Here are some words you don't hear from the Army very often: "We made a mistake."
But that's what the Fort Carson garrison commander is saying about the Army's failure to communicate with Stratmoor Hills residents — for five years — as it planned a second rail line on the east side of the 600-home community bordering B Street, adjacent to Fort Carson's north side.
"We made a mistake in communications, and we're working with the community to fix that with this [environmental assessment]," Col. Robert McLaughlin says. "Their voice will definitely be heard."
But residents are wary after having the $14 million project sprung on them at a public meeting April 7.
At issue is a 6,700-foot rail spur to be built from the post to Crestridge Avenue. Carson officials say the extra track will allow more train cars to be loaded at one time, so that a brigade can be moved off post within 72 hours — rather than the 109 hours it takes now — to training or deployment. Cars out of Carson hook up with tracks through Colorado Springs, and roughly 600 rail cars are needed to move a brigade, with its tanks and other equipment.
Although McLaughlin says the project isn't a done deal, Carson officials told neighbors at the April 7 meeting at Stratmoor Hills Elementary that construction would begin in August, according to Ralph Huber, a longtime Stratmoor Hills resident who attended. The project, fully funded by Congress, calls for a second set of tracks to parallel B Street, and a pedestrian overpass to span Loomis Avenue, the tracks and B Street next to the elementary school. Now, students walk across the tracks to get to school.
Huber, a 22-year Army vet, generally gives the post high marks as a neighbor, but this latest episode makes him mad.
"The attitude I came away from the meeting with was, they don't give a damn," he says. "They didn't have a valid excuse for not telling the neighbors for five years."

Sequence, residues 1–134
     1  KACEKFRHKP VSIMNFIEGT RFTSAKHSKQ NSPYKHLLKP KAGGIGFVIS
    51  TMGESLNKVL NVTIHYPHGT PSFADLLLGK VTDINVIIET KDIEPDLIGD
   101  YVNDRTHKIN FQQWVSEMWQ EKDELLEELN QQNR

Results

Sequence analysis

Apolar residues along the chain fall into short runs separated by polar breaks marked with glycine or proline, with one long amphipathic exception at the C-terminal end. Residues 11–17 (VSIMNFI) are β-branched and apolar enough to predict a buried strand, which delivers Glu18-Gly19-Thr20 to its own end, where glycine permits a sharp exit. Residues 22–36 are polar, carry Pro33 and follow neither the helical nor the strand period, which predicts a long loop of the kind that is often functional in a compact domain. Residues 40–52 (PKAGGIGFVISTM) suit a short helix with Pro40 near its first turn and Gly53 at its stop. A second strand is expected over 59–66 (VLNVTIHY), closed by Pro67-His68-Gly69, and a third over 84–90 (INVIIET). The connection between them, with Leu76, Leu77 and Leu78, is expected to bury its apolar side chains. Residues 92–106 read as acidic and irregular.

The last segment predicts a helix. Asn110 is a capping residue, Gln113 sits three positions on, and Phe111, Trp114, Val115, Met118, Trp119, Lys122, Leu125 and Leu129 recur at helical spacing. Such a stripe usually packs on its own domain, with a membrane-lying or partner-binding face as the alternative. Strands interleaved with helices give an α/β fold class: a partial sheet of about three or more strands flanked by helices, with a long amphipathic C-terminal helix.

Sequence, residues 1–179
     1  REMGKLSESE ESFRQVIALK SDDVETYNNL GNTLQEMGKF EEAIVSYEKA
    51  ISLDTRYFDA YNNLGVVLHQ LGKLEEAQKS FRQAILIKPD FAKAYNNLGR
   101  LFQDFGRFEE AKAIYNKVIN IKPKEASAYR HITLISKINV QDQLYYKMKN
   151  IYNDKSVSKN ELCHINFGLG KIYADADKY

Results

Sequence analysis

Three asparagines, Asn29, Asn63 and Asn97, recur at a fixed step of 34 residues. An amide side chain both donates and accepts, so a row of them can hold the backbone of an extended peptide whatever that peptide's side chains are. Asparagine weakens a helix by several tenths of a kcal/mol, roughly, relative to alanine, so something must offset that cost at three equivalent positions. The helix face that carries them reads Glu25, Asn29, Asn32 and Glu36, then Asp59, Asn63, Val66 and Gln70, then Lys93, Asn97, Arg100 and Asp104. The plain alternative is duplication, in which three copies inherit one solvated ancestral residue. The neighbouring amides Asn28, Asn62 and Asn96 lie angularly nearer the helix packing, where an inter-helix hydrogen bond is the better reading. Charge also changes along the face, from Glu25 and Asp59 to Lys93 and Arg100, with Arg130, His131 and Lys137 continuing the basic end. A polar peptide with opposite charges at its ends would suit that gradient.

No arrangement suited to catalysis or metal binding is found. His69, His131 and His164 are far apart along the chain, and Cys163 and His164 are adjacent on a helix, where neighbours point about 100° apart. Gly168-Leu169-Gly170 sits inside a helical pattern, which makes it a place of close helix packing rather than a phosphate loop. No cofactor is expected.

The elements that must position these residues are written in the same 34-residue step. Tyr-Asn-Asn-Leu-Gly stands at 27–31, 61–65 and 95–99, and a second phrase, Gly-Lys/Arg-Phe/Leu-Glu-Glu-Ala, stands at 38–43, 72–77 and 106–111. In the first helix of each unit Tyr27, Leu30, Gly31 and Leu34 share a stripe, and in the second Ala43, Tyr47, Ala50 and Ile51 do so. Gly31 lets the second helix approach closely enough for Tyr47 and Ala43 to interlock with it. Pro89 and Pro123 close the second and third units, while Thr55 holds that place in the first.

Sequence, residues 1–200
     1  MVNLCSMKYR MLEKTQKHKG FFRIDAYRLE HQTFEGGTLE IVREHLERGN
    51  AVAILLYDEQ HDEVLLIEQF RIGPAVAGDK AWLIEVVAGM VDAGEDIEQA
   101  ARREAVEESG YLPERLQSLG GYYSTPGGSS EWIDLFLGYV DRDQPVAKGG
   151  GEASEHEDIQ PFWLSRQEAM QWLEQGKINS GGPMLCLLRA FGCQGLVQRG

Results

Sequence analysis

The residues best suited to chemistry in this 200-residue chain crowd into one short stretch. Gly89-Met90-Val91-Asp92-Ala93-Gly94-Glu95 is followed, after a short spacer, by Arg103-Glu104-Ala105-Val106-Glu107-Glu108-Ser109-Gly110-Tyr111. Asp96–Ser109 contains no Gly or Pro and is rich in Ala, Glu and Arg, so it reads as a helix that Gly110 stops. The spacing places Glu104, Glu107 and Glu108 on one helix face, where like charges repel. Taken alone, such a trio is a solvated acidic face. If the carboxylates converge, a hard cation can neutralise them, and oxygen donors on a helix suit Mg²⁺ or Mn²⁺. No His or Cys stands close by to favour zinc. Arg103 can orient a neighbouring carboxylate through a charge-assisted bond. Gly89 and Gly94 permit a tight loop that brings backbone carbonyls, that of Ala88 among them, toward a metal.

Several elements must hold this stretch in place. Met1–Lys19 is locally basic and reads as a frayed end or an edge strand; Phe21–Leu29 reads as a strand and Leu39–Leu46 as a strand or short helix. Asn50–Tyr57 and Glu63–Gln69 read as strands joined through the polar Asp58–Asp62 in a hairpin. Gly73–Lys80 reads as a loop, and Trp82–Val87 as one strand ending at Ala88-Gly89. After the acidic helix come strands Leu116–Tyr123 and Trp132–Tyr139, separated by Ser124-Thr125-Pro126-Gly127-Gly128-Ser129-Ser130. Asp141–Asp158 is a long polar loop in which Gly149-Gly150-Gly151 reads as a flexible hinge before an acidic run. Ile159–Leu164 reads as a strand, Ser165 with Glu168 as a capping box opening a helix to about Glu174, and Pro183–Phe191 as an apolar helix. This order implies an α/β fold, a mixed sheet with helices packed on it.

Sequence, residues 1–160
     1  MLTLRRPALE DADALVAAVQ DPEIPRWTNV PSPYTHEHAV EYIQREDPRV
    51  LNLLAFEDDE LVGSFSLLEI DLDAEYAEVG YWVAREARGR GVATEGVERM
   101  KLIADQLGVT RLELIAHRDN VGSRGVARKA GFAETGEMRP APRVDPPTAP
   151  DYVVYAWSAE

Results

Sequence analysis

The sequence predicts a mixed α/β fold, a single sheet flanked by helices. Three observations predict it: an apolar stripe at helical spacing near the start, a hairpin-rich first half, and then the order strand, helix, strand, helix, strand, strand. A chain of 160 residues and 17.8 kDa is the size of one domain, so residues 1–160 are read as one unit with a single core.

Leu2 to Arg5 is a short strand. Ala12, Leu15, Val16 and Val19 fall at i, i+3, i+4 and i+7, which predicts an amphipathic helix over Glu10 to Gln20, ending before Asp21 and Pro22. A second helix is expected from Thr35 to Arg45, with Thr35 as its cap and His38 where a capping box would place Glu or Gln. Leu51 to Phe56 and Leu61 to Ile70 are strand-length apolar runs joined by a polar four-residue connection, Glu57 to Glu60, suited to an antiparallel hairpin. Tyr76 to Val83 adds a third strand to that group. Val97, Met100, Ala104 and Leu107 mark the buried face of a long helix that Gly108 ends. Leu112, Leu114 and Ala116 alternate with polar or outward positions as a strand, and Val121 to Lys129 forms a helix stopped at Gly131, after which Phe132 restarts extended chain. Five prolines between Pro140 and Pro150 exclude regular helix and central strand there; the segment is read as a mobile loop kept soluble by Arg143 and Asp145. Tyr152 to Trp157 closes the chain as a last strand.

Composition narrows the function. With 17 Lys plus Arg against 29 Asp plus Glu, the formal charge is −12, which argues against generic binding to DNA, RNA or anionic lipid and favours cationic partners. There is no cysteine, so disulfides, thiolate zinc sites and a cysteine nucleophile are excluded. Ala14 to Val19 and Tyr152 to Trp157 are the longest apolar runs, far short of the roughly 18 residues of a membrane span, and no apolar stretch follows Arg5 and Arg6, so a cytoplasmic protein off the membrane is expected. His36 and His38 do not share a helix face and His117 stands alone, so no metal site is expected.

The meeting got a little dicey, Huber says, when many of the 70 residents there objected to Carson's plan to idle the rail cars on the spur for a week at a time. Now, though, Carson spokeswoman Dee McNutt tells the Independent that the Army expects to park cars for only 24 hours at a time, and only during "physical rail operations."
McLaughlin says the rail will double the number of cars coming into Fort Carson. He adds that an environmental assessment will be issued soon for public comment.
"The community clearly has a say," he says. "We are very conscious of how it interferes with any kind of emergency traffic. The quicker we're in and out [of the post], the better for everybody."
But Jim Fisk, who owns three homes in Stratmoor Hills, says people worry the spur's very existence will hurt property values. Plus, he used to work at Carson's railyard and maintains it has ample rails, especially given that documents show plans for five more miles of track with the spur project. Finally, he's not buying the 24-hour claim.
"I worked there for 18 years. I don't trust 'em," he says. "They wanna shove it down my backyard, and I don't like it."
McLaughlin says he realizes the Army screwed up on this one.
"We're here to defend our nation and do everything to see that's accomplished," he says, "but in doing that, since we're surrounded by a great community, we want to work with our neighbors. My hope is we can overcome any bad perceptions of the community not being involved."
To be on Lamborn's list of approved voters one must be GOP, have contributed to…
When people invade a barren land, they are called pioneers, not immigrants. The Native Americans…
Such a good point..Disrespecting the environment isn't exclusive to the homeless population.